Thursday, November 26, 2009

Giving Thanks

By Skeeter
On this day I would like to Give Thanks from my Georgia Garden.
I am most happy to Give Thanks for my good health and wonderful family and friends...
I would like to give Thanks for the beauty which surrounds me... I would like to give Thanks for the childhood memories of this beautiful Ginkgo Tree in the front yard of our old house...

(I talked about This Ginkgo Tree a while back and my mom was kind enough to send me a picture of it this fall when in full fall glory. Go to the link to see how big this tree once stood in the 70's and imagine how huge it would be today had someone not topped the beauty.)

I would like to give Thanks to my eyes for without them, I would not see such beauty around me... I would like to give Thanks for blogging as it has opened those eyes to many things I would have never noticed without you...
I would like to Give Thanks for the fallen leaves. Most would view them as a pain in the butt. I view them as a gift from the trees reminding me how lucky I am to have a home and leaves to rake...
I have so much to be grateful for that I could go on and on with GIVING THANKS, In the Garden...


Wednesday, November 25, 2009

Hydrangeas, A Mansion, A Craft Fair, and Hypertufa

From In the Garden
Forever and Ever Hydrangea Fall Color (Just look at the vivid red!)

From In the Garden
Unknown Hydrangea Cultivar (but it is a newer hydrangea) The blue of the flower with the lime leaves (fall color) is outstanding!

Hi all! Fall is looking mighty good here in Tennessee! I hope it looks as good in your neck of the woods too. Fall and winter are the seasons I try to complete some projects. It is not like I need more projects but the process of creativity and creating really gets me going. I take great pleasure in creating things from nothing. Hypertufa is one of those things that is so easy to create and SO rewarding for the gardener. Let me share some creations I have recently made with you.

From In the Garden

I've already showcased my concrete leaf castings but wanted to share a hosta leaf casting as well. This casting is destined for a good friend for Christmas in remembrance of a good gardening friend who died this year.

From In the Garden

Here are some hypertufa pots I've made as well as several leaf castings. I am beginning to feel like a one woman factory for making all of these but it is fun. I have the process down well and will soon be offering workshops for local folks interested in making their very own hypertufa pots. If you are interested, just email me at

I used various recipes for the pots above but hypertufa is very easy no matter how you do it. I am showcasing the pots and leaf castings because the real reason I have been making so many is due to a craft fair coming up this Sunday.

From In the Garden
Skeeter, see the seashells??

The craft fair is scheduled for Sunday, 29 November 2009 from 12:00-4:oo PM at Lylewood Inn Bed and Breakfast. Lylewood Inn is located at 110 Camp Lylewood Road, Indian Mound, TN 37079. This inn is approximately ten miles from my home and actually right off my road. I posted on it last April when my garden club had the pleasure of having lunch with Mandy at the inn. The craft fair is geared toward local folks but all are welcomed and it has been marketed pretty well. In fact, there are more than 30 vendors signed up to sell their handcrafted wares at the inn. As a bonus, you get to see this beautiful and historical mansion right here in this tiny little town!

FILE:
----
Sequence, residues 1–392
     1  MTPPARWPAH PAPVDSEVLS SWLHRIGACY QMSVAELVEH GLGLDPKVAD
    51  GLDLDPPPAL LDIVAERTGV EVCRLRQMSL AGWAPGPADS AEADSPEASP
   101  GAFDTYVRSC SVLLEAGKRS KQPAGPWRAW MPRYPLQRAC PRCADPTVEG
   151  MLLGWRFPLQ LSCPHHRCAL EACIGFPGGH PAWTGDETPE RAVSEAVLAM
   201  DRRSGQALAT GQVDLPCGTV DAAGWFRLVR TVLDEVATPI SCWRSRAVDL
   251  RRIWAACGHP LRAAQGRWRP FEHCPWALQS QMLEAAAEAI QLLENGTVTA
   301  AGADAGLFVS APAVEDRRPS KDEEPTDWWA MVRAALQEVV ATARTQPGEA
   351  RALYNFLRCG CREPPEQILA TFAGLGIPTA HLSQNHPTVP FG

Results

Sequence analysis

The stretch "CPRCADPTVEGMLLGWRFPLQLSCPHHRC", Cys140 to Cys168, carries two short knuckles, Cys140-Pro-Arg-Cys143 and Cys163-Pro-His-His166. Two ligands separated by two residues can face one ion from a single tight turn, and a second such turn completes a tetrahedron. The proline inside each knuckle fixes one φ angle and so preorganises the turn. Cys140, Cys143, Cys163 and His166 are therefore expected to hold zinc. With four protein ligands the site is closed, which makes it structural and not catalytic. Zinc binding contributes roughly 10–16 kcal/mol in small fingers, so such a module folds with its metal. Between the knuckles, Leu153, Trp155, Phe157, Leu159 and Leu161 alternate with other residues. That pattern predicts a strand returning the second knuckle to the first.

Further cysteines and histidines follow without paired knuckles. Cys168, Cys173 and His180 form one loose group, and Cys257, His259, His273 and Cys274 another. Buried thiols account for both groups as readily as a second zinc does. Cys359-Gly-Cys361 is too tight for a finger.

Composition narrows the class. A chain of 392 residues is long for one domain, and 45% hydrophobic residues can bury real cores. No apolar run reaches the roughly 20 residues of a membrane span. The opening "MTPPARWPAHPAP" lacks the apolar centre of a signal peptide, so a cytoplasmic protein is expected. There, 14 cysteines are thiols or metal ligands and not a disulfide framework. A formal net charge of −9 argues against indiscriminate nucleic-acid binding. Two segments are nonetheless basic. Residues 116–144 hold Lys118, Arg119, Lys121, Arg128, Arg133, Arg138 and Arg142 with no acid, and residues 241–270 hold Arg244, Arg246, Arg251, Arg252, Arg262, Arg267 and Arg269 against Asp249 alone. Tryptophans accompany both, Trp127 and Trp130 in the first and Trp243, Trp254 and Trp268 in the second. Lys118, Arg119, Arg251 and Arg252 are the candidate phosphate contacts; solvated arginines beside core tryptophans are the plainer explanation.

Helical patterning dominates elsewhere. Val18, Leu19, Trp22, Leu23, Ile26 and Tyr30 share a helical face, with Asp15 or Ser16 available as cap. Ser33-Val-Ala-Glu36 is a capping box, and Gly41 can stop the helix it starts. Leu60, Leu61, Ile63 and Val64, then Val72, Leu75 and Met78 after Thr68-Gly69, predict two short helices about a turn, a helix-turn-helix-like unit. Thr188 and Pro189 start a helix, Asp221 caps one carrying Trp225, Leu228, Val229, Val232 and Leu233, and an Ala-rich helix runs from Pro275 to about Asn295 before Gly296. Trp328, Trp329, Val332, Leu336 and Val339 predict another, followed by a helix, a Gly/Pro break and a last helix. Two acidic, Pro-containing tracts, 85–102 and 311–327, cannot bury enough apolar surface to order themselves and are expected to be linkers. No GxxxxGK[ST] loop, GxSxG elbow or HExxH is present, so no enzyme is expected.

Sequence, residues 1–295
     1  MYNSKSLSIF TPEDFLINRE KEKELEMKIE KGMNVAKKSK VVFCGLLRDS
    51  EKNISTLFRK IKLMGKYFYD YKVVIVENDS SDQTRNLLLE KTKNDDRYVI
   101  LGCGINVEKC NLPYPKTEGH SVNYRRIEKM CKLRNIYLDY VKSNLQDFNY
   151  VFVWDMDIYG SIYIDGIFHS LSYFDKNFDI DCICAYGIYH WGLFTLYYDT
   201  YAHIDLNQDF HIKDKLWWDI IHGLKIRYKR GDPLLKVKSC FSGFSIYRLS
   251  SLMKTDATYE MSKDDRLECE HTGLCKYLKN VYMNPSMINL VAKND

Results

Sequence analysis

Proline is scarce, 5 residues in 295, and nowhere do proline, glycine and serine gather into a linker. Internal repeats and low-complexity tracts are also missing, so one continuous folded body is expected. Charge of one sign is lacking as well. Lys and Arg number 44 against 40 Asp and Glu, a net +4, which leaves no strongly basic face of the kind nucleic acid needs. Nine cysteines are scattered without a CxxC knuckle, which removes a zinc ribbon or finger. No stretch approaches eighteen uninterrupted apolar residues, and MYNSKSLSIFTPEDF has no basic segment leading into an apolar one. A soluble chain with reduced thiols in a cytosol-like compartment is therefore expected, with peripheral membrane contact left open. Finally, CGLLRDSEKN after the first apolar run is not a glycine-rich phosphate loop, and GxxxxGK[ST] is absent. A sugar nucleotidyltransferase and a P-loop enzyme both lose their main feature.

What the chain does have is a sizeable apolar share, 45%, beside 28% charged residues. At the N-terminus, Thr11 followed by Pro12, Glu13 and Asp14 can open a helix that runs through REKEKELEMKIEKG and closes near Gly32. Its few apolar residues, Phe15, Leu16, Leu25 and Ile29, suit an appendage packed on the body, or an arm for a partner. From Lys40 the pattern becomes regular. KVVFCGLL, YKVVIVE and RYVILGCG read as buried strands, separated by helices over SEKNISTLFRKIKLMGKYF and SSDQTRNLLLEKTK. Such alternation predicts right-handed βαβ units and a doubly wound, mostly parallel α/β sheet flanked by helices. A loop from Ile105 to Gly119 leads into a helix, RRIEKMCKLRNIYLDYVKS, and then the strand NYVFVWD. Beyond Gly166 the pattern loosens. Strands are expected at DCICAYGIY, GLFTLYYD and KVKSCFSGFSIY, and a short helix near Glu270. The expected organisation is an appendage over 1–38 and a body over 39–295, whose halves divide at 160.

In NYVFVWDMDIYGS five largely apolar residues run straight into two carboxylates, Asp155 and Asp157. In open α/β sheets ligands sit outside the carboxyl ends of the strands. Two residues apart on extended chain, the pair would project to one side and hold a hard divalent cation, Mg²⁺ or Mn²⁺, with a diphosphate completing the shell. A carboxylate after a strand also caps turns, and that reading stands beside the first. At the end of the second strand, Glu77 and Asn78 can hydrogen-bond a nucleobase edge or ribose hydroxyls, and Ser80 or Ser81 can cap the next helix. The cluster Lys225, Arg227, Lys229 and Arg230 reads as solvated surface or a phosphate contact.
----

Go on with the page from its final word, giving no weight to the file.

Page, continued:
I thought this small craft fair would be a fine place for me to start selling my wares-on a small scale. Wish me luck....and come out and buy some great Christmas gifts for your loved ones. I'll be there selling these leaf castings, marker stones, and hypertufa pots. The craft fair promises to be a fun event....

And oh yes, have a Happy Thanksgiving! I think Skeeter has something nice cooked up for you all tomorrow...

in the garden....

Tuesday, November 24, 2009

Look before you Dig

By Skeeter Such a bare spot in my Georgia Yard! (garden hose is stretched out to water sod in the front yard) This side of the house is a normal route for deer so we don't have much growing in the form of gardens in this area. The Saints parents gave us a Flag Pole (Thanks Mom and Dad B) and we decided this would be a good spot to install it with a small planter added at the base in time.
Normal procedure, is for me to pick the spot and the Saint digs the hole. This time however, he chose to argue my spot and move a bit forward. Okay, whatever, just dig the hole and lets get this chore knocked off the "To Do" list will ya!
Ah, the trusty Post Hole diggers are a perfect tool to dig a hole to install a tall pole.
As you can see, my soil has Georgia Red Clay in this spot of the yard. Another reason why there are not more flowers planted on this side of the house!
The Saint was having a tough time getting through the Clay but managing until he hit this root. Argggg, not a root but rather the Cable TV to the house! Oh no, we forgot to seek out where the cable could be running through the yard. We had to laugh at the fact that we have 2.5 acres of land but hit the cable with a 6 inch hole! The Saint made a quick supply trip to town for a temp repair so we had TV for the evening. The cable repair people came to the rescue in a timely manner with the final repairs. Now the trusty Pick Ax and Flat Shovel came into play to cover the cable. With all the clay in the area, the Saint had a time getting the cable buried into the ground.